Filing 30

ENTRY ON MOTION FOR SUMMARY JUDGMENT: Accordingly, Defendant Travelers' motion for summary judgment is GRANTED ***SEE ENTRY FOR ADDITIONAL INFORMATION***. Signed by Judge William T. Lawrence on 2/17/2012. (DW)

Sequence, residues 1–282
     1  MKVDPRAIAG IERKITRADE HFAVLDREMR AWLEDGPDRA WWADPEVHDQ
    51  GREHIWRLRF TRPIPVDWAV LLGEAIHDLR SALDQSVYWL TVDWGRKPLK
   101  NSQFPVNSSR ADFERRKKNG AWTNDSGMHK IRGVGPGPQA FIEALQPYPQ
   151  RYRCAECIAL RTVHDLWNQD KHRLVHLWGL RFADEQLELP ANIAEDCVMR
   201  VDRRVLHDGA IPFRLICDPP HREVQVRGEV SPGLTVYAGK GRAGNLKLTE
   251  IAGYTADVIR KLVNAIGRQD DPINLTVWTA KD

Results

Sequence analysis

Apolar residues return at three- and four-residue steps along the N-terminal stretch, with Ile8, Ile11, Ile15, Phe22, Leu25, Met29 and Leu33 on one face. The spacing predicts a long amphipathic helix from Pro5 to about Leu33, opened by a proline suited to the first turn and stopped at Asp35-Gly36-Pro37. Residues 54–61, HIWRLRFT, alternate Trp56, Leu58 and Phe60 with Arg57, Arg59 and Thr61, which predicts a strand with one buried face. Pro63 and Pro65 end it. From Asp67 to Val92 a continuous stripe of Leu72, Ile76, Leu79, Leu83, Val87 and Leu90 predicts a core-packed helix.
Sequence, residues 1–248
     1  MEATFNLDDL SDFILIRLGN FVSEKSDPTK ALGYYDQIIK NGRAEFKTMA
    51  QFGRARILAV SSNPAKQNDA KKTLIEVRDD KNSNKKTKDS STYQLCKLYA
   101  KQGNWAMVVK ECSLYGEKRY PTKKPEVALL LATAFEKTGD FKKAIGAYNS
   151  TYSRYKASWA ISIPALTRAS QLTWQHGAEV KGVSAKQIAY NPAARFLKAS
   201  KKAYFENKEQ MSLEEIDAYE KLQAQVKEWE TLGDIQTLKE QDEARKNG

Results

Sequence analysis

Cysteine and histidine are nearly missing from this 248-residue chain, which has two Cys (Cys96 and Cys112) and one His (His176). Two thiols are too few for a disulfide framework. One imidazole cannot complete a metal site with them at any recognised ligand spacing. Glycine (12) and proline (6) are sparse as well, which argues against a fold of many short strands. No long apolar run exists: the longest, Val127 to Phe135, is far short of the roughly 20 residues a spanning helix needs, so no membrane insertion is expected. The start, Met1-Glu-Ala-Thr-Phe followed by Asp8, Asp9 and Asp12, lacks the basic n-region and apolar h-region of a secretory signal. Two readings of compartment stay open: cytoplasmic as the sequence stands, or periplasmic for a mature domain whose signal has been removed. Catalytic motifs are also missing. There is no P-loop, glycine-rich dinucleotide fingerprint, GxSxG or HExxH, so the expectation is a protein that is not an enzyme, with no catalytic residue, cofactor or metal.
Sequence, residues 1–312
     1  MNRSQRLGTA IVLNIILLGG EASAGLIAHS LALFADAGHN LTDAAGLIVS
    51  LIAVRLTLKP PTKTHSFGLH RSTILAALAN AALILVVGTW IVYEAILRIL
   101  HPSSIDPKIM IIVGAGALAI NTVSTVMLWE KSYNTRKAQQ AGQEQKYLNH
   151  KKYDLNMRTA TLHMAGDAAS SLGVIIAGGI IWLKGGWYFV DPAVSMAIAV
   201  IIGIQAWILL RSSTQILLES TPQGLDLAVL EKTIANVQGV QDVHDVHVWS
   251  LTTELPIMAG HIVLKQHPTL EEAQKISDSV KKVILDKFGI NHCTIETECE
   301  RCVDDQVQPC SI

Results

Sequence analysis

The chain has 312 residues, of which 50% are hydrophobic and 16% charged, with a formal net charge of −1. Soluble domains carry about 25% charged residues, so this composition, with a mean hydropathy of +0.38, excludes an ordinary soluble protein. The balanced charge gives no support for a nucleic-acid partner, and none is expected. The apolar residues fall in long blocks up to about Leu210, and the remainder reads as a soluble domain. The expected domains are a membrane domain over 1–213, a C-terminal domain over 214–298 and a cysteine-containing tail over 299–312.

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UNITED STATES DISTRICT COURT SOUTHERN DISTRICT OF INDIANA INDIANAPOLIS DIVISION RANDY GUTHRIDGE, Plaintiff, vs. TRAVELER’S PROPERTY CASUALTY COMPANY OF AMERICA, Defendant. ) ) ) ) ) CAUSE NO. 1:11-cv-0209-WTL-MJD ) ) ) ) ) ENTRY ON MOTION FOR SUMMARY JUDGMENT This cause is before the Court on the Defendant’s motion for summary judgment. The motion is fully briefed, and the Court, being duly advised, GRANTS the Defendant’s motion for the reasons set forth below. I. STANDARD Federal Rule of Civil Procedure 56(c) provides that summary judgment is appropriate if “the pleadings, depositions, answers to interrogatories, and admissions on file, together with the affidavits, if any, show that there is no genuine issue as to any material fact and that the moving party is entitled to a judgment as a matter of law.” In ruling on a motion for summary judgment, the admissible evidence presented by the non-moving party must be believed and all reasonable inferences must be drawn in the non-movant’s favor. Hemsworth v., Inc., 476 F.3d 487, 490 (7th Cir. 2007). The court “is not required to scour the record in search of evidence to defeat the motion”; rather, the non-moving party must identify with reasonable particularity the evidence upon which it relies. Id. Further, “[a] party who bears the burden of proof on a particular issue may not rest on its pleadings, but must affirmatively demonstrate, by specific factual allegations, that there is a genuine issue of material fact that requires trial.” Id. II. BACKGROUND This cause concerns whether an insurance policy provides underinsured motorist coverage. The following facts are undisputed. Defendant Traveler’s Property Casualty Company of America (“Traveler’s”) issued commercial liability primary policy P-810-297X5566-COF-08 (the “Primary Policy”) and commercial excess liability policy PSM-CUP-755G6213-TIL-08 (the “Excess Policy”) to the insured, Wendy’s of Colorado Springs. Both policies have effective dates from July 1, 2008, to July 1, 2009. The Primary Policy provides commercial automobile liability coverage for vehicles garaged in Colorado, including eighteen private passenger vehicles, thirteen light trucks, four heavy trucks, two extra heavy trucks, and eight trailers. The Primary Policy also provides uninsured/underinsured motorist (“UM/UIM”) coverage. The premium for the Primary Policy was calculated based on the number of vehicles insured. The Excess Policy provides coverage for losses in excess of the limits of specific underlying primary policies, including the Primary Policy, a comprehensive general liability policy, and an employee benefits liability policy. The Excess Policy specifically lists the Primary Policy in its “Schedule of Underlying Insurance.” Section XYZ of the Excess Policy provides coverage for “auto hazards.” Unlike the premium for the Primary Policy, which was based on the number of insured vehicles, the premium for the Excess Policy is a flat charge. Section (1)(3)(n) of the Excess Policy specifically excludes UM/UIM coverage: “This insurance does not apply to: . . . (n) . . . Any liability imposed on the insured, or the insured’s insurer, under any of the following laws: (1) Uninsured Motorists; (2) Underinsured Motorists; 2 (3) ‘Auto’ No-Fault laws or other first party personal injury laws; or (4) Medical Expense Benefits and Income Loss Benefits Laws of any applicable state or jurisdiction.” The Plaintiff-insured, Randy Guthridge, a Colorado resident, was driving a vehicle owned by Wendy’s and registered in Colorado when he was involved in a collision with another motorist on February 15, 2009. Following the collision, the other motorist’s liability carrier tendered the limits of its policy and Travelers tendered the UIM limits of the Primary Policy to Guthridge. Guthridge now brings this action against Traveler’s to recover additional damages from the Excess Policy and Traveler’s has moved for summary judgment. III. DISCUSSION In spite of the Excess Policy’s exclusionary language, Guthridge argues that the “(umbrella) insurance policy issued by Defendant constitutes an ‘automobile liability or motor vehicle liability’ policy under Colorado statutory law, and thereby requires a mandatory offering of underinsured motorist coverage with limits equal to the liability limits of the policy.” As a preliminary matter, the parties agree that Colorado law governs Guthridge’s claim. This Court can accept such an agreement so long as it is reasonable. E.g., Speakers of Sport, Inc. v. ProServ, Inc., 178 F.3d 862, 864 (7th Cir. 1999). Indeed, the agreement is reasonable given that (1) both the Primary Policy and the Excess Policy were purchased by the insured, Wendy’s, which is domiciled in Colorado, (2) the Primary Policy and the Excess Policy were purchased through an insurance agent located in Colorado, and (3) Plaintiff is a Colorado resident who was driving a vehicle registered in Colorado at the time of the accident. Thus, Colorado law applies. Colorado law requires insurers to offer UM/UIM coverage with every automobile or 3 motor vehicle liability policy sold in Colorado. C.R.S. 10-4-609(1)(a).1 If an insurer fails to offer the required coverage, or if the policy holder does not reject the offered coverage in writing, the policy will be interpreted to include UM/UIM coverage. Apodaca v. Allstate Insurance Company, 255 P.3d 1099, 1104 (Colo. 2011) (citing Aetna Cas. & Sur. Co. v. McMichael, 906 P.2d 92, 101 (Colo. 1995)). However, the Colorado Supreme Court has held that this statute does not apply to umbrella policies. Apodaca, 255 P.3d at 1105. While Traveler’s proceeds on the assumption that the policy at issue is an umbrella policy, Guthridge argues that the Excess Policy is an “automobile liability or motor vehicle liability policy” under the meaning of the Colorado UM/UIM statute2 because (1) the underlying commercial automobile policy insures a specific fleet of vehicles; (2) the Excess Policy lists the underlying commercial automobile policy in the “Schedule of Underlying Insurance”; and (3) the Excess Policy provides liability coverage for “auto hazards.” The characterization of a policy “is not predicated on the superficial labeling or packaging of a policy;” rather, the plain language of the policy controls. Id. at 1107. “[A] policy governed by the UM/UIM statute is one that provides liability coverage for specific, identified automobiles or motor vehicles.” Id. at 1105. Such policies “are inherently tethered to the 1 Although section 10-4-609(1)(a) refers only to owners or operators of uninsured motor vehicles, subsection (4) explains that uninsured motorist coverage includes underinsured motorist coverage. 2 Contrary to the Defendant’s interpretation, the Court does not read Guthridge’s argument as conceding that the Excess Policy is an umbrella policy. The confusion stems from Guthridge’s use of the shorthand phrase “(umbrella) policy” at times in his brief. However, because Apodaca so clearly forecloses application of the statute to umbrella policies, the Court reads Guthridge to argue that the policy at issue is an “automobile liability or motor vehicle liability policy” under the purview of the Colorado statute. 4 ownership of a particular motor vehicle and the activity of driving.” Id. Guthridge has not set forth any evidence establishing that the policy at issue falls with the purview of the statute. Neither the underlying commercial automobile policy that is referenced in the “Schedule of Underlying Insurance,” nor the single provision in the Excess Policy covering “auto hazards” establishes that the Excess Policy is “inherently tethered” to the ownership of specific motor vehicles and the activity of driving. Rather, these provisions simply (1) identify the underlying insurance, and (2) describe the scope of merely one aspect of coverage under the Excess Policy, coverage that also includes commercial general liability and employee benefits liability. Thus, Guthridge has not shown that the policy at issue is an automobile liability or motor vehicle liability policy. As the Excess Policy otherwise excludes underinsured motorist coverage by its terms, Traveler’s motion for summary judgment is GRANTED. This holding is further bolstered by undisputed facts produced by Traveler’s. Traveler’s has shown that (1) the premium for the Excess Policy was a flat charge not based on the number of insured vehicles; and (2) the Excess Policy covers three separate policies, which together provide commercial general liability, employee benefits liability, and automobile liability coverage. This facts render the policy at issue indistinguishable from the umbrella policy at issue in Apodaca, which the Colorado Supreme Court held did not constitute an “automobile liability or motor vehicle liability policy.” 255 P.3d at 1105. Umbrella policies are not inherently tied to particular motor vehicles or the activity of driving, calculate basic liability premiums without respect to specific aspects of the policyholder’s automobiles or their use, and provide a broad “umbrella” of general excess third-party coverage to protect the insured from catastrophic liability coverage should the insured incur legal liability to others. Id. 5 IV. CONCLUSION Plaintiff Randy Guthridge has failed to establish that the policy at issue is an “automobile liability or motor vehicle liability policy” within the purview of Colorado Statute 10-4-609. The policy at issue otherwise explicitly excludes underinsured motorist coverage. Accordingly, Defendant Travelers’ motion for summary judgment is GRANTED. SO ORDERED: 02/17/2012 _______________________________ Hon. William T. Lawrence, Judge United States District Court Southern District of Indiana Copies to all counsel of record via electronic communication. 6